Six key facts about lab-grown meat

Jeff J. Sindelar
Meat, grown in a lab using stem cells taken from the muscle of a live cow, looks the same as the real thing under a microscope. But what else do we know about this technology?

Note: This article appeared in Grow, Wisconsin's magazine for Life Sciences

Plant-based protein and “meat-alternative” products have streamed into the marketplace in recent years. This trend has been driven in part by world population growth and the quest to meet the increased demand for protein that comes with it. It also stems from the search for options perceived as more sustainable or environmentally friendly than animal-based protein. Another new product on the horizon is lab-grown meat, also known as cell-cultivated or cultured meat.

The USDA recently launched the National Institute for Cellular Agriculture to sponsor research into cell-based meat, and just over a year ago, Singapore became the first nation to approve the sale of such products. The FDA is rumored to be considering approval in the U.S. as well.

Here are a half dozen facts about cultured meat for the curious consumer.

  1. Cultured meat is a relatively new idea (about 20 years old) but uses technology that’s been around for more than a century. It involves gathering cells from an animal and raising them in a bioreactor, a typically stainless-steel vessel with the proper environment for growing tissues. The end goal is to produce food that closely mimics meat products traditionally derived from harvesting animals.
  2. Cells used for cultured meat can be derived from various kinds of stem or precursor cells. These cells are found in animal embryos, bone marrow, or muscle tissue. Suitable cell lines are selected from a tissue biopsy and then transferred to a bioreactor. Next, the animal cells are cultured (this involves cell isolation, growth, differentiation, and maintenance) in a bioreactor’s controlled environment, which is sterile, warm, and humidified and contains abundant nutrients.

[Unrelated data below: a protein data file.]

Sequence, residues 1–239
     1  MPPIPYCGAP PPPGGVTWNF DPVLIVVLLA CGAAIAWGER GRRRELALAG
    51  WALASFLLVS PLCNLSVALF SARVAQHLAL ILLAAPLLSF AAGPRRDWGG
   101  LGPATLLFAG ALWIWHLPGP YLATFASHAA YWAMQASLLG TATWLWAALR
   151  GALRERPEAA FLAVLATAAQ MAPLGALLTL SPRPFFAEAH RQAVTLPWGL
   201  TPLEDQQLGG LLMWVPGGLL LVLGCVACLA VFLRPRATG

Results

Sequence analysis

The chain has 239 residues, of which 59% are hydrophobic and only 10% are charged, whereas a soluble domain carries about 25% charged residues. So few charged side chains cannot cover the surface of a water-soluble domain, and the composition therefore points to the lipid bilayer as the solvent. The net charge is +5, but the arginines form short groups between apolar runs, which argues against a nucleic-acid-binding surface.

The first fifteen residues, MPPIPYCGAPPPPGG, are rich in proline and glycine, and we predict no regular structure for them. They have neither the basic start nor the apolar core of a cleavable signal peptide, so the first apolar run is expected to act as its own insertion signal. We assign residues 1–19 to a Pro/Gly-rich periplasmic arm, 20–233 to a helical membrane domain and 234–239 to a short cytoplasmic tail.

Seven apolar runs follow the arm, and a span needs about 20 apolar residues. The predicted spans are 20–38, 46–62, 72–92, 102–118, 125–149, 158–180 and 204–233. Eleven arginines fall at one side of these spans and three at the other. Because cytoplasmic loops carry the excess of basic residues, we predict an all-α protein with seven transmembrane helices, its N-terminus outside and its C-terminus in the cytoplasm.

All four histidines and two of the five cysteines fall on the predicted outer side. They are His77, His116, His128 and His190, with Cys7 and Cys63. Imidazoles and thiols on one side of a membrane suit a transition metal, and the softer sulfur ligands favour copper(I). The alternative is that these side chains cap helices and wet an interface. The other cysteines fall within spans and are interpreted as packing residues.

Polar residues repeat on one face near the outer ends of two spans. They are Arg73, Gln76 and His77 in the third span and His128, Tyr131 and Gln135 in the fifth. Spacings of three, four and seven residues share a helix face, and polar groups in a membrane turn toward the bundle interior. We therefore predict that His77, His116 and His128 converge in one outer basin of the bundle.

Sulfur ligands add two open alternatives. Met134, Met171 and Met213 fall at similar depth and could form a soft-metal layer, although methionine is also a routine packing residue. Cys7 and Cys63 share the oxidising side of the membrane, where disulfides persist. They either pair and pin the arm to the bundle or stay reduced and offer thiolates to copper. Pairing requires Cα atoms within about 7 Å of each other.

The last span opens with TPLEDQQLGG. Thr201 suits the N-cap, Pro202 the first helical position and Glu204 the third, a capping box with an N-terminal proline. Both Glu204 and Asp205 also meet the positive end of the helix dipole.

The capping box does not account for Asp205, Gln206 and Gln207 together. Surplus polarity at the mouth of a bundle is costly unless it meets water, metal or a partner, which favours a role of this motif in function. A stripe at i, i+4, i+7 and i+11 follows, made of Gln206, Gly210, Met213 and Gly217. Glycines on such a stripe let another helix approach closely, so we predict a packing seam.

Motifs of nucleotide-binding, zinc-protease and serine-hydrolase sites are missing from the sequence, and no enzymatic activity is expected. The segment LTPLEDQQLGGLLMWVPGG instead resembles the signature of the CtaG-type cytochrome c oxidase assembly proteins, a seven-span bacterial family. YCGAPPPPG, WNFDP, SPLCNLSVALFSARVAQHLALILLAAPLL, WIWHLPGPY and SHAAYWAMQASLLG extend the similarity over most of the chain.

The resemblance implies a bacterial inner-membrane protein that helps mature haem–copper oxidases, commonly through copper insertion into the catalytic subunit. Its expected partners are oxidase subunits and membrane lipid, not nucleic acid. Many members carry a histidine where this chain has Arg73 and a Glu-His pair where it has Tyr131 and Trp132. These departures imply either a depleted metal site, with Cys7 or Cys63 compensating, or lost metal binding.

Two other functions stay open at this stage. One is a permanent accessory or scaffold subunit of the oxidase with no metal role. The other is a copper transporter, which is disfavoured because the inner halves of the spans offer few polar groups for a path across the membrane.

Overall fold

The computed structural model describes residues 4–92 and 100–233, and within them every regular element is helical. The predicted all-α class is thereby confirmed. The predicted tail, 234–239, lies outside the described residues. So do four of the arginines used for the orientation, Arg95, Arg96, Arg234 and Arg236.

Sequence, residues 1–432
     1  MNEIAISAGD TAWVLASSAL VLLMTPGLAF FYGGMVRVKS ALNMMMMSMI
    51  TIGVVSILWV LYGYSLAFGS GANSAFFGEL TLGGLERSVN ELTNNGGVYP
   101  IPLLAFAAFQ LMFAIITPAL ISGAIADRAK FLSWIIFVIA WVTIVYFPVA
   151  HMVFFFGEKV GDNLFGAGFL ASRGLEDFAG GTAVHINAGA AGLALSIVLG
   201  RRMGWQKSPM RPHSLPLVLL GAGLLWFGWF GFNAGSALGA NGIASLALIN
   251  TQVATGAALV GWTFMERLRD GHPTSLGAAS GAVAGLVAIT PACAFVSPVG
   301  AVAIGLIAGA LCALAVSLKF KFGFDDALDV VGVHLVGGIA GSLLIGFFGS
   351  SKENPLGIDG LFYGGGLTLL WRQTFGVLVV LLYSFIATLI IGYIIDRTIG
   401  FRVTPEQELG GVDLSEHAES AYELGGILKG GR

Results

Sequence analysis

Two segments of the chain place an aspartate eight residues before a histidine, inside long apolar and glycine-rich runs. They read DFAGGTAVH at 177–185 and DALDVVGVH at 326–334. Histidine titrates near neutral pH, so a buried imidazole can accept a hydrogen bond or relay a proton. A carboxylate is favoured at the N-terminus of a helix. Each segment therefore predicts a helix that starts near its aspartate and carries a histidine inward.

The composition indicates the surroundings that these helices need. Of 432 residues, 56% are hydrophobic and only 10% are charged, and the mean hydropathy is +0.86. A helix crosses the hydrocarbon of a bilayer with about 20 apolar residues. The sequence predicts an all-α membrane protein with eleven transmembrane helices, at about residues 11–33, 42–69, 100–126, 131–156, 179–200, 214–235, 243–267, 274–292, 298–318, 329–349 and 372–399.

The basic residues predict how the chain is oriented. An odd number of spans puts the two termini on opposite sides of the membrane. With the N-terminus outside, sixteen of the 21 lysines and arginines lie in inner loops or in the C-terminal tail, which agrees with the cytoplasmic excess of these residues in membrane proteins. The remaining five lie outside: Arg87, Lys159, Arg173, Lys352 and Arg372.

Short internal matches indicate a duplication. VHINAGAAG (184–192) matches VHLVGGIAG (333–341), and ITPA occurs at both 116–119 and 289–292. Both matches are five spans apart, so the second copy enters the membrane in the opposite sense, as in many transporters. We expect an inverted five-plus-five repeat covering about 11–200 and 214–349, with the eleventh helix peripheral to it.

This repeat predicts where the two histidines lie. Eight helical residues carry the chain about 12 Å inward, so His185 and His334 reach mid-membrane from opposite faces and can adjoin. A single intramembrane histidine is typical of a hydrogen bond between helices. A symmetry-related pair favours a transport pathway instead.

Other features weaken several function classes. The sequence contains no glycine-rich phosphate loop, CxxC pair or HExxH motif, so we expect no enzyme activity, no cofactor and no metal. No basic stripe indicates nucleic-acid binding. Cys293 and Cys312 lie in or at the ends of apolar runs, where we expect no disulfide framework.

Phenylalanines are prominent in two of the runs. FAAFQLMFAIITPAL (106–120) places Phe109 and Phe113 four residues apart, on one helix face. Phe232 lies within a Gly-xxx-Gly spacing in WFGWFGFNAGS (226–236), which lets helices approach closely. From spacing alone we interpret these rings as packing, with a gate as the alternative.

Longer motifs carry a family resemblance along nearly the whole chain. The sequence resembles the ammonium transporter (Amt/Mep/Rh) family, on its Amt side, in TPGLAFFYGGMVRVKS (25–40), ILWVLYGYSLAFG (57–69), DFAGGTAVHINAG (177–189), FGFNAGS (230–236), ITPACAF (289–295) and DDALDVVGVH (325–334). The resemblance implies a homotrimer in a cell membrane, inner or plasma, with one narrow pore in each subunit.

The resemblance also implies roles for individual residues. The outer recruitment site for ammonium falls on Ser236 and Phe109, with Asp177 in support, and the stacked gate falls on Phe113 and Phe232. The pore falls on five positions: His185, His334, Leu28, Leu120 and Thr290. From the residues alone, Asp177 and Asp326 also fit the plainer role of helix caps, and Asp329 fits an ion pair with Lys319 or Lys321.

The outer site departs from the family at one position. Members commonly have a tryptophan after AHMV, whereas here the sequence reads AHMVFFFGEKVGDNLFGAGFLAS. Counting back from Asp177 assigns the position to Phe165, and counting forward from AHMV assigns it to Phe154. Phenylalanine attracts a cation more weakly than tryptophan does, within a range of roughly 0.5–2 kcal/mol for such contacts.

3. After the cells are grown, they can be used as raw food materials in unstructured meat products or used to develop 3D structured tissues. Unstructured meat products include chicken nuggets and hamburgers. Common examples of 3D structured tissues are steak and pork chops. 3D tissue structuring — also called tissue engineering or tissue synthesis — embeds cells within a scaffold that simulates connective tissue. These living tissues are matured in another bioreactor to form simulated meat products.
  4. While the concept of producing cultured meat is simple, the implementation has proven to be very challenging. Cultured meat is not yet available for consumer purchase at retail or food service outlets primarily because the technology is still in the discovery stages. And the industry continues to face several hurdles, technological and otherwise.
  5. Scaling up the cell cultivation process is one of the biggest barriers to the production of cultured meat. Manufacturers are looking for ways to reduce expenses, including the costs of cell-growth media and the operation of large-scale biomanufaturing facilities. They also face difficulties in developing cell lines that can be propagated indefinitely and that have specific taste and nutritional characteristics. The disposal, recycling, and amelioration of waste products also present problems that need to be solved before cultured meat can go to market.
  6. Government oversight and labeling regulation also present challenges for the commercialization of cultured meat. Production methods span areas where both the Food and Drug Administration (FDA) and the U.S. Department of Agriculture (USDA) have regulatory authority. This creates a potentially complicated dual-agency regulatory approach. However, per a recent agreement, the FDA will oversee cell collection and propagation up to the point of harvesting, and the USDA will be responsible for all aspects of the end product, including food safety and labeling. That said, no decisions have been made on the appropriate labeling terms to be used for cultured meat, poultry, and seafood. So the official names we may see in the marketplace are anybody’s guess.
Jeff Sindelar

Jeff J. Sindelar is professor and extension meat specialist with the Department of Animal and Dairy Sciences and an affiliate faculty member of the Food Research Institute.